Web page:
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Automotive industry is driving revenue for at least one chip company: STMicroelectronics

Look, a semiconductor manufacturer that isn't whining about weak demand

Chipmaker STMicroelectronics appears to be bucking the industry trend by beating analyst expectations and delivering revenues towards the upper end of guidance, driven by demand from the automotive and industrial segments, the company said.

While others in the semiconductor business have reported weaker orders and declining profits, the Switzerland-based company saw net revenue for Q4 2022 of $4.42 billion, up 24.4 percent over the same period last year and 2.4 percent up on the previous quarter. Profit was $1.25 billion versus $750 million.

For the full year, revenue increased by 26.4 percent to $16.13 billion when compared with 2021, and net income reached $3.96 billion, almost double the $2.0 billion reported by STMicroelectronics for 2021.

President and CEO Jean-Marc Chery said on the company's earnings call the results were "driven by strong demand in Automotive and Industrial, and our engaged customer programs." However, all three of the semiconductor maker's product groups contributed to the growth, he added.

For the full year, the Automotive and Discrete Group (ADG) saw an increase in revenue of 38.4 percent, while the Microcontrollers and Digital ICs Group (MDG) grew 29.1 percent and the Analog, MEMS, and Sensors Group (AMS) increased by 7 percent.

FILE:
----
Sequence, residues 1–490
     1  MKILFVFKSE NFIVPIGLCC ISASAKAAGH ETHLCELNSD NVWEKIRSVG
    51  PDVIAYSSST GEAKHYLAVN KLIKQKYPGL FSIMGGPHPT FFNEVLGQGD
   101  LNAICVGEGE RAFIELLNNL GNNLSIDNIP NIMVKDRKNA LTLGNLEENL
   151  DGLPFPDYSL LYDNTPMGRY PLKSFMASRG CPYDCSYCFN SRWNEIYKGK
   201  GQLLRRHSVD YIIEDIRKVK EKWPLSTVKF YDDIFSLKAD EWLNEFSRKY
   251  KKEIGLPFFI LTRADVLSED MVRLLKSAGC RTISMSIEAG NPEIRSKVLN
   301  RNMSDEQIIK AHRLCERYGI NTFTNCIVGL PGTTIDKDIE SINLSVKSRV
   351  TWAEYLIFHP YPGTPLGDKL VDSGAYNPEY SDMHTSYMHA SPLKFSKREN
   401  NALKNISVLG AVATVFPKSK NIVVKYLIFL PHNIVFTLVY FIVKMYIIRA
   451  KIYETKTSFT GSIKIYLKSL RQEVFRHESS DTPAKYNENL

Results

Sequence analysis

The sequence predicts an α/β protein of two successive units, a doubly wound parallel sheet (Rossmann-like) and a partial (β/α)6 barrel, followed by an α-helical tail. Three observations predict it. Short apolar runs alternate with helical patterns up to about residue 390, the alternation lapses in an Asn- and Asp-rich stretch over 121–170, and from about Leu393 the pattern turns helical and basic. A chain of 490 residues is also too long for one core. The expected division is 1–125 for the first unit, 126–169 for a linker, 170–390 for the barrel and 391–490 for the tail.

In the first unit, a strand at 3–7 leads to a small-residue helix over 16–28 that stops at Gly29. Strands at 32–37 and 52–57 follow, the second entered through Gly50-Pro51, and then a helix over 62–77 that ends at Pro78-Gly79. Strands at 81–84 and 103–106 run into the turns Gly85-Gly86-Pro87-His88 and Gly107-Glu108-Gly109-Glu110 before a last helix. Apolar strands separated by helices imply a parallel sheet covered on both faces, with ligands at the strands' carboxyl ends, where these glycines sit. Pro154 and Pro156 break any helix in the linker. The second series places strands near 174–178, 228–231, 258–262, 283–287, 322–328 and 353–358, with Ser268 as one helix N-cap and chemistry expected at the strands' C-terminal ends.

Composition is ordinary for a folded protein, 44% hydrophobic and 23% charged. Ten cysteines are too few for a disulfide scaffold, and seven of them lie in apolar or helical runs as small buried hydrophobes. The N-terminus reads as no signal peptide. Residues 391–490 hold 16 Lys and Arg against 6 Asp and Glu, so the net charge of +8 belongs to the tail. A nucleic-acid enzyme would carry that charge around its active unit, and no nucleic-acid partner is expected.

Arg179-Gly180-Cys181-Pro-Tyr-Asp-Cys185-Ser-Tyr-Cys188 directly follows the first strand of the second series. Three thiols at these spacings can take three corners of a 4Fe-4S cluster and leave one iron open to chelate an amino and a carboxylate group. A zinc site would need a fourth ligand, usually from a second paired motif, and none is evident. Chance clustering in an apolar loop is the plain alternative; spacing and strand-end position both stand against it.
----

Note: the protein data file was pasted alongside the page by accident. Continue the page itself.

As a chip designer and contract manufacturer, STMicro supplies chips to both Apple for the iPhone line and to carmaker Tesla for its electric vehicles.

But ST has racked up other wins in next-generation electric vehicle designs, Chery claimed, including Hyundai, which has chosen STMicro's Acepack Drive SiC-MOSFET Gen3-based power modules for its latest EV generation.

Looking ahead, Chery said he was expecting revenue for the first quarter to reach $4.20 billion, an increase of 18.5 percent over the same period last year, but down by 5.1 percent sequentially, meaning the company is not totally immune from the semiconductor industry downcycle.

For the full calendar year, STMicro is forecasting revenues in the range of $16.8 billion to $17.8 billion, representing a growth range of somewhere between 4 percent and 10 percent over 2022.

"We will continue to execute our strategy, with a strong focus on Automotive and Industrial as a broad range supplier, and a selective approach in Personal Electronics and Communications Equipment and Computer Peripherals," Chery said.

The company plans to invest about $4 billion in capex throughout this year, mainly to upscale its 300mm wafer fabrication and silicon carbide manufacturing capacity, he added.

"We continue to lead in silicon carbide," Chery claimed, saying that STMicro has now moved to high volume production of its third generation of this technology for multiple automotive customers, and it expects to ramp up production of the fourth-generation transistors in the second half 2023.

The exec also claimed that STMicro is on track to achieve its carbon neutrality and renewable energy goals by 2027, as the company announced in December 2020.

One key contributor to this plan was the adoption during 2022 of a district cooling system in Singapore, he said, the location of the company's largest wafer fabrication site. "We expect to eliminate 30 percent of the site's carbon emissions on completion."

Last year, STMicro announced a joint venture with another semiconductor manufacturer, GlobalFoundries, to build a wafer fabrication facility adjacent to STMicro's existing 300mm plant in Crolles, France. The fab is expected to come online in 2026 and produce chips for carmakers and the telecoms industry. ®

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